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  • Sgt. Dan Semones

Survival, Is Your Mind In The Right Place?

So sitting at my desk this morning and thinking about the horrors that society is facing right now, I was kind of drifting back and forth thinking about past experiences and how I would respond to different threats around me. What did I come up with? Well one man’s experience is maybe another’s salvation? Kind of like, I went thru it so you don’t have to type of thing. Let me explain.

Throughout my career I have been fortunate enough to have some pretty good instructors and with that I believe that I have taken that with me and became a pretty good one myself. Now throughout training, be it tactical training i.e. SWAT, Spec Ops Training, or just simply annual in-service, one topic that has always stood out and became muscle memory is being aware and assessing my surroundings. Anyone who has been thru any kind of weapons training has more than likely heard “Scan and holster”. When scanned and holstered you could proceed accordingly, picking up mags, and so on. Every single time in every single scenario, it was the same, scan and holster. Why? To be aware of your surroundings. If it was a real life scenario and I scanned and came across another threat would I holster? Ahh no, engage, scan again, engage or holster and proceed. Then once the scan and holster was engrained in most then came the fun part, kind of like why is Daniel painting the fence? So he could learn to block of course.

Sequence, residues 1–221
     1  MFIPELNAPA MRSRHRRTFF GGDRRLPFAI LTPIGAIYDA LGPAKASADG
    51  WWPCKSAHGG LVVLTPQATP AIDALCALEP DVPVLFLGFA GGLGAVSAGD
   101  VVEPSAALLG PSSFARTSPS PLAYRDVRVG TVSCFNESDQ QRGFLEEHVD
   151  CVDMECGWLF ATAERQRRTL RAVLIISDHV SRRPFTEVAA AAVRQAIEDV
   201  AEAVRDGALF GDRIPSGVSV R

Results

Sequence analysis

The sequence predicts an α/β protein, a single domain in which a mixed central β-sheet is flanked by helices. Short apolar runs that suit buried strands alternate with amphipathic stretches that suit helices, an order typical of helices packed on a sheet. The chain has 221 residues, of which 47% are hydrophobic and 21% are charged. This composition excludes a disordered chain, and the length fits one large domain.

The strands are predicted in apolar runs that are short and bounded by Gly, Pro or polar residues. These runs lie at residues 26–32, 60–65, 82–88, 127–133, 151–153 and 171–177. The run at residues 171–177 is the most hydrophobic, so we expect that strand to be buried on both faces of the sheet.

Observe, Orient, Decide and Act.

Observe, Orient, Decide and Act.

Observe, Orient, Decide and Act. Of course I am referring to the O.O.D.A. Loop. What is the O.O.D.A Loop you ask? Well let’s break it down. Colonel John Boyd was a United States Air Force Fighter Pilot and Pentagon consultant in the late 20th Century, his theory of the O.O.D.A. Loop has affected Military Theories and has changed the process by which an individual reacts to an event. Now the concept of the O.O.D.A. Loop theorizes that the key to victory is to be able to create situations wherein one can make appropriate decisions more quickly than one's opponent. It is basically broken down like this.

  • Observation: Observe your Surrounding

  • Orientation: Orient yourself to your environment

  • Decision: Decide What To Do

  • Action: Act on Your Decision

Now of course, while this is taking place, the situation may be changing, as they do constantly. It is sometimes necessary to cancel a planned action in order to meet the changes. This decision cycle is thus known as the OODA loop. Boyd emphasized that this decision cycle is the central mechanism enabling adaptation (apart from natural selection) and is therefore critical to survival.

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